According to Statistics Canada, Canada’s population stood at 36.5 million at the end of 2016, an increase of 465,000 (+1.29%) over the final quarter of 2015. In absolute terms this was the largest annual increase since 1971. As has been the pattern over the past twenty years, this gain was due primarily (75%) to strong growth of international net migration which rose by an unprecedented 342,000.
Fuelled by a sustained net inflow of 1,324,000 international migrants over the past five years, Canada's population growth has averaged 1.1%, the highest among the Group of Seven highly industrialized countries and eighth among the Group of Twenty major economies.
From a provincial perspective, despite a steady outflow of Manitobans to other provinces over the past several years up to and including 2016, the keystone province's population increased by 1.7% year over year in the final quarter of 2016. This gain, the highest among the ten provinces, was due entirely to a net inflow of 21,700 international migrants, the bulk of whom were permanent.
Turning to Ontario, the combination of an inflow of 154,800 international migrants (a fifteen-year high) and a net inflow of 19,800 migrants from other provinces (the largest since 1988) boosted Ontario's population by 219,000 in 2016, up from 139,000 in 2015.
This was the largest net population gain that the trillium province has exhibited since 1990. While the province has consistently attracted its fair (36% to 45%) share of international migrants, over the past six quarters, the combination of a slowdown in the number of Ontarians moving to other provinces was significantly offset by a significant (15% y/y) acceleration in the volume of migrants from other provinces.
Despite the precipitous drop in energy prices over the past two-and-a-half years, population growth in both Alberta and Saskatchewan, at 1.5% y/y, outpaced the country as a whole (1.3%) in 2016. While Alberta and Saskatchewan both experienced a significant outflow of residents to other provinces over the year of 10,000 and 5,600 respectively, these loses were more than offset by a sustained net inflow of migrants from outside the country. As noted in a recent Statistics Canada article titled Canadian Megatrends: From east to west: 140 years of interprovincial migration, there is reason to expect the recent outflow of residents to other provinces will not persist.
Moving further west, fuelled by the combination of solid gains in interprovincial net migration and a gradual strengthening in international net migration over the past four quarters, the population of British Columbia increased by 1.3% y/y in the final quarter of 2016. The net inflow of 32,900 international migrants was largely due to a combination of gains in permanent migrants and returning migrants.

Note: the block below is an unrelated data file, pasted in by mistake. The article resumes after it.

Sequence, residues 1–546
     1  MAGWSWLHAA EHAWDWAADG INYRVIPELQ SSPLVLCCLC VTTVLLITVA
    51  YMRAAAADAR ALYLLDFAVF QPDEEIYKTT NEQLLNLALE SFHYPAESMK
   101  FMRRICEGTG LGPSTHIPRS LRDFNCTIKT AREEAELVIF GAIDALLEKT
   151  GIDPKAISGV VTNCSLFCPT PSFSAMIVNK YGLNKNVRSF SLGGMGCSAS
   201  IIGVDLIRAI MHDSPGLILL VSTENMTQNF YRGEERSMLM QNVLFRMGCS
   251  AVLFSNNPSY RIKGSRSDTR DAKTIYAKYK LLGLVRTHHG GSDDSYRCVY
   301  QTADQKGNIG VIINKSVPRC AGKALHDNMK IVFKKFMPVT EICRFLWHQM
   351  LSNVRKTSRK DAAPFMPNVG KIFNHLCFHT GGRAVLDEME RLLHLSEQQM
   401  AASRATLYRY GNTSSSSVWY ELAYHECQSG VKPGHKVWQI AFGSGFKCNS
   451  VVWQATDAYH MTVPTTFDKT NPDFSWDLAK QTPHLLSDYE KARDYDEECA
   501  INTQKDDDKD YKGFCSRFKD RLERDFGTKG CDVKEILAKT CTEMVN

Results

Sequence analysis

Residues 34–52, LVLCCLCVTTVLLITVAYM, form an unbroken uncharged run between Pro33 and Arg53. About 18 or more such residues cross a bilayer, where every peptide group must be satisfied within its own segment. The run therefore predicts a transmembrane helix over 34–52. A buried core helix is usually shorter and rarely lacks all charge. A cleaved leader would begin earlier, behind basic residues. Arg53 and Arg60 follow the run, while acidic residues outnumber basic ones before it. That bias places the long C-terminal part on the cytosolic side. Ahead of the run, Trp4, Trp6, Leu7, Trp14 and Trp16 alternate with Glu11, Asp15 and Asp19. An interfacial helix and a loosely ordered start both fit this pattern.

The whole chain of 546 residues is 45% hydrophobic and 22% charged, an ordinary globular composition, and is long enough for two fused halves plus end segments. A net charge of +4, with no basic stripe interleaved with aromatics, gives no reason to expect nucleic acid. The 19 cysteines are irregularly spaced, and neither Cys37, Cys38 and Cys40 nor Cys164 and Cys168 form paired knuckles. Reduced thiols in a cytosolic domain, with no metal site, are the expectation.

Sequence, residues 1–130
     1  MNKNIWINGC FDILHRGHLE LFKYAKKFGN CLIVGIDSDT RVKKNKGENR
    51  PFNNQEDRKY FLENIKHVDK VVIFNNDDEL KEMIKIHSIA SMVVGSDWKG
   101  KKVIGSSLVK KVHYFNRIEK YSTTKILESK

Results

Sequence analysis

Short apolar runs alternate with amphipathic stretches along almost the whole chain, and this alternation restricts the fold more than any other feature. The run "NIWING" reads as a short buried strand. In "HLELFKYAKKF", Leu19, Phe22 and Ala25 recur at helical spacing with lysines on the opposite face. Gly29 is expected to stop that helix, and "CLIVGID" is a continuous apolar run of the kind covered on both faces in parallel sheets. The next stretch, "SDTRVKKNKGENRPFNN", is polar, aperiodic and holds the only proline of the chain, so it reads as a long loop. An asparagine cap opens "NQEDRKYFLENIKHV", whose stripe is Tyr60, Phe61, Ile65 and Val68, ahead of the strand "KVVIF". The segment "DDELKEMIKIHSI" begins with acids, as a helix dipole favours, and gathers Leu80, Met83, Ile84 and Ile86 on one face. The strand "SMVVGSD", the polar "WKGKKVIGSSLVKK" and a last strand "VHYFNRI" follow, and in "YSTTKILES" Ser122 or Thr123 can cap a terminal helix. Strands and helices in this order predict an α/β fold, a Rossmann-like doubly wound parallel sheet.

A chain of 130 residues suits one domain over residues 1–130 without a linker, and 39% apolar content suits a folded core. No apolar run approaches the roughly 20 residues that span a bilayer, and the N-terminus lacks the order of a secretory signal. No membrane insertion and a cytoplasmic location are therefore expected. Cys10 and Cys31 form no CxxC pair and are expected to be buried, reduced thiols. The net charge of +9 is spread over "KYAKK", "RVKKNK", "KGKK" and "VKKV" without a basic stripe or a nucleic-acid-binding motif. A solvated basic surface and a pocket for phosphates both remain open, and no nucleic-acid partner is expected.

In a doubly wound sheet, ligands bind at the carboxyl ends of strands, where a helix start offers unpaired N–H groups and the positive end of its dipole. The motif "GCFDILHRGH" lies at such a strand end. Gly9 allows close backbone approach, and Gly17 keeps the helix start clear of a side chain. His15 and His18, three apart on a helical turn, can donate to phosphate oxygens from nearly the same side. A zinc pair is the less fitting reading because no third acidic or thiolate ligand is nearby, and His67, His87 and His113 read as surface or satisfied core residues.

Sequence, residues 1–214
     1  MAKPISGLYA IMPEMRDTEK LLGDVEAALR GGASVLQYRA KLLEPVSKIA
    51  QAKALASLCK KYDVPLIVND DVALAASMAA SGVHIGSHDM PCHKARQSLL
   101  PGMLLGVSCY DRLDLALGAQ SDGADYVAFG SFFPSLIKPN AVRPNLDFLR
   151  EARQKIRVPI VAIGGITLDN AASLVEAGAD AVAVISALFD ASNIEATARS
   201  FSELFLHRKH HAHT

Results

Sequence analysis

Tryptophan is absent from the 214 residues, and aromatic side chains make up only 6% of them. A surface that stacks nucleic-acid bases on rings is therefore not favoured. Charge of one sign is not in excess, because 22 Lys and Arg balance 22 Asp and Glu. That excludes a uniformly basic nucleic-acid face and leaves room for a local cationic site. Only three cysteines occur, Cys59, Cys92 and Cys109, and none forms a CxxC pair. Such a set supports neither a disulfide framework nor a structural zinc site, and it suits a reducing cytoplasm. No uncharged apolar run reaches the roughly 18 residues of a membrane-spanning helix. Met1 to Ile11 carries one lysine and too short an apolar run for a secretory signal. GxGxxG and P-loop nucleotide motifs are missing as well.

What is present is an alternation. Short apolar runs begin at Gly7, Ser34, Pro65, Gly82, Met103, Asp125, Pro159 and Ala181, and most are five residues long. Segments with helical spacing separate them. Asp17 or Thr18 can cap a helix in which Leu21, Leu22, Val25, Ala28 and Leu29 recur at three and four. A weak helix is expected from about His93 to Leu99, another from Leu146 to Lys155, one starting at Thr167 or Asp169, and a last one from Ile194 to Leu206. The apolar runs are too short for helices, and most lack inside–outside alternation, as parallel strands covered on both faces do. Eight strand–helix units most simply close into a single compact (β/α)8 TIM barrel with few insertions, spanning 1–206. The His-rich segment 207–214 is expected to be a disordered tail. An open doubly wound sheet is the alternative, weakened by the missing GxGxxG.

East of the Ontario/Quebec border, the only province to grow faster than the country as a whole was Prince Edward Island. During 2016 it saw a population increase of 1.5% y/y, well ahead of its 0.7% gain a year earlier. After posting growth of 0.6% y/y in 2015, Quebec's population rose by 0.8% in 2016 primarily on account of an unprecedented net inflow of 57,600 migrants from other countries, which more than offset a net outflow of 12,000
Quebecers to other provinces. Among the Atlantic provinces, Nova Scotia's population growth accelerated from 0.2% y/y in 2015 to 0.7% in 2016 while New Brunswick saw its population rise by 0.4% in 2016 after flatlining in 2015. Over the course of 2016, the combination of a net increase in international migrants and a roughly equivalent exodus of Newfoundlanders and Labradorians to other provinces left the population of The Rock unchanged compared to 2016.
From our perspective, the pattern and the magnitude of Canada's population growth over the past year sends two messages. First, despite the headwinds facing the energy sector in Western Canada, it appears that growth in both Alberta and Saskatchewan during 2017 will be underpinned by sustained gains in population. Second, the near record population gain in Ontario, due to net inflows of migrants from other countries and from other provinces, suggests that attempts to restrain housing demand in the province in general and in the Greater Golden Horseshoe in particular, will have as much success as did King Canute in his attempt to hold back the tide.